Intel also enhanced its graphics quality as well as its performance, with support for three simultaneous 4K displays at 120Hz, a pair of 5K displays at 60Hz, or a single 8K30 display. The graphics engine includes three display pipes that support DisplayPort 1.4 HBR3 and HDMI 2.08, plus HDR10 and Dolby Vision.
What’s next? Project Athena, faster speeds, probably more cores
What we’ll learn at the end of August about the next chip will also help position Ice Lake. Will that chip introduce an H-series part? Simply flesh out the top end of the “U-series” lineup with a Core i9 offering? Introduce an entirely new lineup? Based on what Senderowitz said about the entirety of the Ice Lake product line, we’d opt for the latter. Apparently the Core i7-1068G7 doesn’t necessarily represent the high end of Intel’s Core offerings for 2019. A six-core, twelve-thread processor almost certainly is in Intel’s future, too.
Remember, Ice Lake represents Intel’s first mass-market 10nm processor and its first major redesign in several generations. Even though Intel shipped its first 10nm Cannon Lake chip, the Core i3-8121U, in May 2018, it probably never exceeded extremely low volumes. It’s fair to say, then, that Intel has significant latitude to refine the 10nm process and push up future clock speeds.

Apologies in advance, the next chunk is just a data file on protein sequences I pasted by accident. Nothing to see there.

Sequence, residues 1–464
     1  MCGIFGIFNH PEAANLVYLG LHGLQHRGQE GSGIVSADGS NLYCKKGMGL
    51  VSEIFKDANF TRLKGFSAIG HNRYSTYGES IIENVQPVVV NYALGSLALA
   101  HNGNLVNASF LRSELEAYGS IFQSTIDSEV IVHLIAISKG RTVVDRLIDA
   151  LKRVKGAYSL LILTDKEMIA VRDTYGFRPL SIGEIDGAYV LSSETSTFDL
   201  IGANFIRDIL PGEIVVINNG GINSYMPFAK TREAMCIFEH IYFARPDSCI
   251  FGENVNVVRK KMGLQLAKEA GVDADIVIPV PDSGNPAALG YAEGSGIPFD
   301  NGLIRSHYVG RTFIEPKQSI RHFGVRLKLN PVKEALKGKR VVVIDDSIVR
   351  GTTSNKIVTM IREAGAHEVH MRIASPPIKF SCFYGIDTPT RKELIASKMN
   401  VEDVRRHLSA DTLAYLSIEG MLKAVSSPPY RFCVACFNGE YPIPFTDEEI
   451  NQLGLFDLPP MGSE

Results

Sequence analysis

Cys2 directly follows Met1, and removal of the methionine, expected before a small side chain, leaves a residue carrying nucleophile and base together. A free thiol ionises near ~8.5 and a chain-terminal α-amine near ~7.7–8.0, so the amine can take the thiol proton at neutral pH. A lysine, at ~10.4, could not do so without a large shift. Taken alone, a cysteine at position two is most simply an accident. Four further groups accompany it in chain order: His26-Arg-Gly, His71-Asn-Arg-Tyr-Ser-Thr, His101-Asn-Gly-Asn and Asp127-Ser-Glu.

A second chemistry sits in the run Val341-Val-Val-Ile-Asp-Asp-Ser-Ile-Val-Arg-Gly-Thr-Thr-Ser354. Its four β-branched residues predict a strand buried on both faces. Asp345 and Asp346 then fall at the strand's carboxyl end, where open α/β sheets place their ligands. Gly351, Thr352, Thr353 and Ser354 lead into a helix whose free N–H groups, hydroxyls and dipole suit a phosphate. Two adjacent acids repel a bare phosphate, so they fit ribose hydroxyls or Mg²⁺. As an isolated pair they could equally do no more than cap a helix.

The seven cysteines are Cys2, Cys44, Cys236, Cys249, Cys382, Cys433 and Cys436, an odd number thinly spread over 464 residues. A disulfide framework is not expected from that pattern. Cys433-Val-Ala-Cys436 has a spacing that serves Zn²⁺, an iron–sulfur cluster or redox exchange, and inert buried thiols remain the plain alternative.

“I think that you will be able to see how we optimize the workloads…for more segmented and more targeted designs to meet customer needs,” Senderowitz said of what you can expect of Intel’s future processor positioning.
For now, however, Intel’s betting big on Ice Lake, and you should see numerous thin-and-light and notebook designs built around Intel’s Ice Lake processors this holiday season. Remember, too, that those will include ”Project Athena” designs: flashy “halo” notebooks similar to HP’s Spectre Folio, that try to accomplish bold new things with the next-generation ultrabook form factor.
If you’re in the market for a notebook PC this holiday season, though, we can already say that you’ll benefit immensely from knowing what you’re buying. We see 2nd- and a few 3rd-gen Ryzen notebooks crowding the low end of the notebook PC market, alongside the 7th- and 8th-gen Core chips that will give way to Ice Lake and its future, faster, cousins. Qualcomm claims that its Snapdragon 8cx offers Core i5-class performance, too.
All of that competition can create confusion. But you, as a customer, will ultimately benefit.